Back at Brendan and Róisin's that evening, dinner again was started with a glass of red wine. We sat down to a lovely meal of fish, potatoes, tomatoes and more vegetables. I hadn't eaten this well for a long time. I'm pretty sure my body nearly went into shock at the introduction of vegetables two nights in a row. To cap the night, I pulled out a bottle of Irish Mist which I'd found in town. We again said Slainte ("Cheers" in Gaelic) to our travels and our voyage to Antarctica. It was wonderful to hear their stories. Just when I think I've been to a few places, I meet a couple who has easily eclipsed me. No substitute for experience.
The next day I took an organized day-tour the areas surrounding Galway, specifically into an area to the South of Galway called the Burren. It's an absolutely gorgeous place, but beautiful in the way that the Badlands of South Dakota are beautiful. Sometimes beauty comes where you least expect it. Creases of jagged, slate gray limestone literally fill the entire landscape. It's almost like being on a different planet. Super-hardy grass and flowers fill up the spaces it can, but the majority of the land looks simply un-livable. It's interesting too, because a majority of the Irish Catholics in the 1600s were forced here by Oliver Cromwell. It's better to hear it from a native, but this is the basic story:
"Cromwell tried once and for all to crush the Irish resistance by deporting thousands of Irishmen, using the catchphrase: "To Hell or Connaught!" At the sight of the poor and barren province, even one of Cromwell's own generals observed that there was "neither water enough to drown a man, nor a tree to hang him, nor soil enough to bury him." From this time every conflict in Ireland has been fuelled by religious hate."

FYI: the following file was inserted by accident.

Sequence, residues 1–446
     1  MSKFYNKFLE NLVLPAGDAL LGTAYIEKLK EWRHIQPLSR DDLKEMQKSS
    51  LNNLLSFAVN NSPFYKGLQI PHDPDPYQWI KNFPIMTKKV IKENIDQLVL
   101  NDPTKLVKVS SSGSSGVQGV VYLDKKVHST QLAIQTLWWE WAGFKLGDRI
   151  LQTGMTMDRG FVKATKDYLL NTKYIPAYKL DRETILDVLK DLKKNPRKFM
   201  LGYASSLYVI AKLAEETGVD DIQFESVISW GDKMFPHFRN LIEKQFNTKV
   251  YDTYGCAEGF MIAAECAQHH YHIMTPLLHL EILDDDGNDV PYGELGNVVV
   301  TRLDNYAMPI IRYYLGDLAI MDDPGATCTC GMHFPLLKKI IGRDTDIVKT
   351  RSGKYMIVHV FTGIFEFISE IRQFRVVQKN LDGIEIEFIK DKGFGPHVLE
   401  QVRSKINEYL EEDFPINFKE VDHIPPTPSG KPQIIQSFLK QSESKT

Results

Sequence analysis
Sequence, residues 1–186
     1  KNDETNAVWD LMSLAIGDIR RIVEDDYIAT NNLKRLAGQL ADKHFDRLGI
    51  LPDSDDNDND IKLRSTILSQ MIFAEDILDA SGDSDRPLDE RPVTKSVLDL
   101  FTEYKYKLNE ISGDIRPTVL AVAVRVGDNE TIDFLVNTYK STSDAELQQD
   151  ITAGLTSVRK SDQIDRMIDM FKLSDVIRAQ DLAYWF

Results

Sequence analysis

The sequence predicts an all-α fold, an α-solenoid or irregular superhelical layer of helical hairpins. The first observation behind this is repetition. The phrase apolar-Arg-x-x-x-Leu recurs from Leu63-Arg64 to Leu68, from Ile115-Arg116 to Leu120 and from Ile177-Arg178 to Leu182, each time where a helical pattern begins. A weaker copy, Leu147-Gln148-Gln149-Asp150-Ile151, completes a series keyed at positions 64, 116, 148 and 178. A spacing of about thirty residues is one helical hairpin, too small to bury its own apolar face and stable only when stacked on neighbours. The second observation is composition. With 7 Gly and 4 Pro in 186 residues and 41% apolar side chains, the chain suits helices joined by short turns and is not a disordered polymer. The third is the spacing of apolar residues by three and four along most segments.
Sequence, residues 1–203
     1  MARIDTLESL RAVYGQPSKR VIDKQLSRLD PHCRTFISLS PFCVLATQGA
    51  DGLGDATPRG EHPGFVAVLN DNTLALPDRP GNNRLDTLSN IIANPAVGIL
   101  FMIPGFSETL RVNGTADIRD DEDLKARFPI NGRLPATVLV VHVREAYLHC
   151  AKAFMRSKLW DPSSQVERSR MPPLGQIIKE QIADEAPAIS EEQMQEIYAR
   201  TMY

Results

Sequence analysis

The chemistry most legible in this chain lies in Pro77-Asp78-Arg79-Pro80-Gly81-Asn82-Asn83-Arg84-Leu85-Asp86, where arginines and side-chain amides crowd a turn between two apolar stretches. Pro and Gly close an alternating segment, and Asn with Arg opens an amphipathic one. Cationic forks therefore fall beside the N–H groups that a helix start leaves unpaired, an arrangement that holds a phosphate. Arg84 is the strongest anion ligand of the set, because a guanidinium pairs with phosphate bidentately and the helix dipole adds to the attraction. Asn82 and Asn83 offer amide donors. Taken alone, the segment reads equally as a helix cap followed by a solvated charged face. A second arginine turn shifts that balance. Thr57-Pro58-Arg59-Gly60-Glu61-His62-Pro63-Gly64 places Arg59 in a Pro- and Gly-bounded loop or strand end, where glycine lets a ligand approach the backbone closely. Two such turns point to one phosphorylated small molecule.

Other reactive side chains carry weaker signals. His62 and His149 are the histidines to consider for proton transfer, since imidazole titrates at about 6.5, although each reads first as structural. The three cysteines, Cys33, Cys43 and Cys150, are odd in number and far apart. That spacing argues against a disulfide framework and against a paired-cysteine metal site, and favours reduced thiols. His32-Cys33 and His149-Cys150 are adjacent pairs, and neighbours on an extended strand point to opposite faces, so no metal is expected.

The people did an admirable job of transforming the land. Stone fences lined the rolling hills, creating small fields for cattle and sheep. Stone houses and small buildings dotted the green rows. Once in a while we'd drive by a great stone castle, still standing proudly against the shoreline.
We eventually reached the Cliffs of Moher, where green hills used for cattle grazing suddenly drop hundreds of feet into the Atlantic.
It is absolutely jaw-dropping. It's considered one of Ireland's show pieces, and even boasts a stone tower from the 1800's used as an observation area for tourists then. Even though it was raining, and somewhat miserable, the sight of the cliffs was stunning.
The next day Brendan, Róisin and I took a daytrip to the Aran Islands - a set of three islands to the west of Galway. We took a ferry out to the middle of the islands, called Inishmaan.
Just as the Burren seemed alien, even more so was Inishmaan. The indigenous population is very small, with very few houses and even cars on the island. However, it does leave the island relatively untouched, and somewhat preserved. Stone fence after stone fence divided the island into small plots, many smaller than most people's backyards.
We walked and walked, Brendan and Róisin leading the way, me lagging behind taking pictures like a true tourist. We went from one side of the island to the other, visiting a few farms, a church, a place known as Synge's Chair (the writing place of an Irish playwright) and a little coffee shop which served a pretty good vegetable soup.
It had been misty all day, but almost appropriately, as soon as we headed down to catch the ferry back to Galway, it started pouring rain. We took cover under the eve of a small shed and waited for it to pass. When it finally did, we were treated to a beautiful rainbow running from the land into the sea. An Irish rainbow. Lucky right?
Words can't express how much fun I had with Brendan and Róisin. They are wonderful travelers, wonderful hosts, and above all, wonderful people. I feel absolutely blessed to have gotten the chance to know them, and am honored to have them as friends.